Only then I read this piece by Jennifer Crusie, one of my all time favourite writers. She’s sharp, thoughtful, funny and warm – and she writes like a dream. Her Welcome To Temptation has stayed in my top 5 ever since I first read it, umpty-um years ago.

And yet here was Jenny Crusie owning up to exactly the same thing. And she has a brilliant solution. She’s co-written novels with Bob Mayer in the past. They do His and Hers chapters, turn and turnabout, and it works like a dream. So ‘in 2022 she turned to Bob Mayer and said, “For the love of God, get me to the end of a book.”’

The first book of that life-saving collaboration is Lavender’s BlueIt’s out now and on my Kindle.

At three chapters in, it’s a cracker.

And there are at least two more to come.

And my optimism about my own possible recovery has just doubled in strength. If you’ve ever suffered from the same thing, here’s hoping it does the same for you!

Sophie Weston AuthorSophie

11 thoughts on “That Unfinished Book

  1. Sarah

    Keep up the positive thoughts about that Unfinished Book, Sophie – we are all cheering you on here!
    And you are definitely not alone. I have several unfinished books, mainly ideas that aren’t strong enough to goad me into finishing them. I also have two finished ones that I really need to “do something about”. Maybe your post will prompt me to do that something. Maybe ( you see, we all have that perfection prefect hidden away in our psyche).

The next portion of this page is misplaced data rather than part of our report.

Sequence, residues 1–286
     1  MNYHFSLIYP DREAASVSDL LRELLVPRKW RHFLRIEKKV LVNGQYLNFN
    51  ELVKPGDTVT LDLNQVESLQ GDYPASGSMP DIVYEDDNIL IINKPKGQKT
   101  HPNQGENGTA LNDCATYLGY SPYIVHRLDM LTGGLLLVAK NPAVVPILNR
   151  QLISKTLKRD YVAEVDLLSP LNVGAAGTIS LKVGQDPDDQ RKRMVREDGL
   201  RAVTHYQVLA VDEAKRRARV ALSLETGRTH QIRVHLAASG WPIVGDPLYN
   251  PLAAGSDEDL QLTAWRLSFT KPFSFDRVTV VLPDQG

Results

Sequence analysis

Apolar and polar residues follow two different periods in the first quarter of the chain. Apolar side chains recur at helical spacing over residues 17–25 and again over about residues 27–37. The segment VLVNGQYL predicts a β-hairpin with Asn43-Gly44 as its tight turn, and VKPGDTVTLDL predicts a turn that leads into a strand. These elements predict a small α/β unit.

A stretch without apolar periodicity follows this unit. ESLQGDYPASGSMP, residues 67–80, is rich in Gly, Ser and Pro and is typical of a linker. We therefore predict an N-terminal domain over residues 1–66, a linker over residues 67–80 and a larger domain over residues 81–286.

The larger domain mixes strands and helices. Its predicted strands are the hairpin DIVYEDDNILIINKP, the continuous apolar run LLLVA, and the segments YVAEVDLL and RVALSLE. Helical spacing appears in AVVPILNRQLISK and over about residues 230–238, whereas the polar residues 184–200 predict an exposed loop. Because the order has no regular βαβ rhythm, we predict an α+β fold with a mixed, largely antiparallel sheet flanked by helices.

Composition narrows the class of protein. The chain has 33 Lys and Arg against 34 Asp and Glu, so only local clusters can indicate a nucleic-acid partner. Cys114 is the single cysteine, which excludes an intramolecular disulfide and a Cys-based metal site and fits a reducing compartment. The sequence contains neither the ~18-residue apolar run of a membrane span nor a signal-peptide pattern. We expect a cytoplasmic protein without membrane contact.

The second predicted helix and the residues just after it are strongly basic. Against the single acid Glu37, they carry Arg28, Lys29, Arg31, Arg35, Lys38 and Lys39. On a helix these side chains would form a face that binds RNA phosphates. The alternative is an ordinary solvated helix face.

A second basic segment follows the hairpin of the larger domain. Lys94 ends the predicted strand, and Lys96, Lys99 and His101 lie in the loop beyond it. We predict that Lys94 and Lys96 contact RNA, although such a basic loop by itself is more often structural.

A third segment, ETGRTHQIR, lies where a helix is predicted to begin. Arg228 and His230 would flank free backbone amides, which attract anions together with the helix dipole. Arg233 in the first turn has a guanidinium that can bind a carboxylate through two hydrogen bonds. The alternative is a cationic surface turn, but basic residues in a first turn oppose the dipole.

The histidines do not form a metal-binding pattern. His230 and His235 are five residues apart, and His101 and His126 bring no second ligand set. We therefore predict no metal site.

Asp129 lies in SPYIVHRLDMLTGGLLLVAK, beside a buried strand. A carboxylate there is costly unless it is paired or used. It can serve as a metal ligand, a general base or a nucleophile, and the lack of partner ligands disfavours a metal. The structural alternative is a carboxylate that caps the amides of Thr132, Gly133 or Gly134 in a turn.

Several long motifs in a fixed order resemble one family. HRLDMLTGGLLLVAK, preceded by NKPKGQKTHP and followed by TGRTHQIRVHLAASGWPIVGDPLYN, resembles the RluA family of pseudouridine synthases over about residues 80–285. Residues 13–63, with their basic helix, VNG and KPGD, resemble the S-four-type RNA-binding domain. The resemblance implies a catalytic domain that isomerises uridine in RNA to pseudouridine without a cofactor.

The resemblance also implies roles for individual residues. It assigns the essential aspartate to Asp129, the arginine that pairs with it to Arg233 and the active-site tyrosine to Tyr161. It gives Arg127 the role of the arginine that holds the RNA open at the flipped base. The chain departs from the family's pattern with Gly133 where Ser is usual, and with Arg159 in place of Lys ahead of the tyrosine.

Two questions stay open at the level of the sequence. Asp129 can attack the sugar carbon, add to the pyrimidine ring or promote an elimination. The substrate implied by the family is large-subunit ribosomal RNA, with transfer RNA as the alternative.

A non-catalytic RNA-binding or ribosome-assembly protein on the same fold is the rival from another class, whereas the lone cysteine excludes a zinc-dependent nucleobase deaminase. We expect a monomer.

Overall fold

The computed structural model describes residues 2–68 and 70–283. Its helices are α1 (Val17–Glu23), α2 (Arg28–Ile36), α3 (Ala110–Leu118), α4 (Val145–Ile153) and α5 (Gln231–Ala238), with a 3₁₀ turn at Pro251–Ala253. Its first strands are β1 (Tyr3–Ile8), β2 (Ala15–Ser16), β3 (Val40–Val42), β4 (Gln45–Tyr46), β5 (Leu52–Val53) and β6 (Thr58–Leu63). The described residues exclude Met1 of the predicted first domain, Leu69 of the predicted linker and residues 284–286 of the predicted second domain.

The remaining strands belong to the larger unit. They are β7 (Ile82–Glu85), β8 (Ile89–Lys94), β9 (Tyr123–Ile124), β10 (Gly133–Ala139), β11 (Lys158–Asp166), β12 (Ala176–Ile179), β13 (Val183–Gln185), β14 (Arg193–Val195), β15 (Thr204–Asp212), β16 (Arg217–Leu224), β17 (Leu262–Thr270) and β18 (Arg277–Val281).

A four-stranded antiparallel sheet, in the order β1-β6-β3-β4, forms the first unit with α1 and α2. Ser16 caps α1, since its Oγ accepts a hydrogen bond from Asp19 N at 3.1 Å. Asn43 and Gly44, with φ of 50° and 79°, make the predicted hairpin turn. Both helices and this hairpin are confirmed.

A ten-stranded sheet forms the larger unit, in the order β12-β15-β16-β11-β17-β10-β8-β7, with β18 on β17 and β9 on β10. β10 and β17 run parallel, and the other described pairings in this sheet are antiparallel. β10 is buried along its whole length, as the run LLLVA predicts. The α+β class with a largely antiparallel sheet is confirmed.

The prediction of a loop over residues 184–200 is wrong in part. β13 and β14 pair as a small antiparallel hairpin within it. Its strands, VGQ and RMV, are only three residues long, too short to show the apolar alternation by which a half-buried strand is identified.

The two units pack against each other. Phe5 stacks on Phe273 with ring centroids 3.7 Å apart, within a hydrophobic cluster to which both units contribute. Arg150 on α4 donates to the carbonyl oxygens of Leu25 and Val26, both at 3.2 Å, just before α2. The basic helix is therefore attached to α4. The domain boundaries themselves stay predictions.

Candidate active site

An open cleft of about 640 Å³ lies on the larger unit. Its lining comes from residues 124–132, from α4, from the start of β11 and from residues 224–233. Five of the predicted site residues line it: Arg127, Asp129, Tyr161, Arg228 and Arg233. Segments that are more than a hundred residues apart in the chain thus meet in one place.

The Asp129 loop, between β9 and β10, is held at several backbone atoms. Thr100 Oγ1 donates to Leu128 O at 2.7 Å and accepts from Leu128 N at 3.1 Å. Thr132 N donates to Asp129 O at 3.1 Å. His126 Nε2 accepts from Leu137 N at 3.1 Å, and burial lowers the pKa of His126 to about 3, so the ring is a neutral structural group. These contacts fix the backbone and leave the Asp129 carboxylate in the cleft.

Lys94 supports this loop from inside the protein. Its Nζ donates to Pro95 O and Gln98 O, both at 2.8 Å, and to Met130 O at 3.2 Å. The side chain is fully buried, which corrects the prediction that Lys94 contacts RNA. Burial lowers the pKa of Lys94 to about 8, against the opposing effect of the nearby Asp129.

Now get on and finish that book, madam. I am longing to read it!

  2. lesley2cats

    And are you going to try the Cruise solution? Of course you’re going to get there! We’re all certain that you will.

    1. Sophie Post author

      Well, I suppose I sort of team wrote in our shared collection of novellas, Beach Hut Surprise. Not sure I could do one chapter on, one chapter off, though. Not even with a writer whose work I loved to bits. Too much of a control freak, maybe? Or just too disorganised, of course!

      It works brilliantly for Crusie and Mayer because the books are written in the first person and he does the hero’s POV and she does the heroine’s and they are truly complementary in the very best sense.

  3. Joanna

    Like Liz (another of the pointy-headed urgers) I have downloaded Lavender Blue. And I’m sending you all positive vibes for finishing That Unfinished Book. You CAN do it, you know. You can.

    1. Sophie Post author

      Oh, thank you, Nancy. How kind you are. You always put heart into me.

      I really am applying myself to this one and I hope to reach the end very soon. Even so, I fall over typos I’ve missed all the time. Today’s gem to catch my eye as I skim read was, “She wanted to hug her fiend.”

      I boggled– I mean, I knew my heroine was conflicted but that seemed going a bit far. Then I sat back and read the whole paragraph. It was, of course, her FRIEND.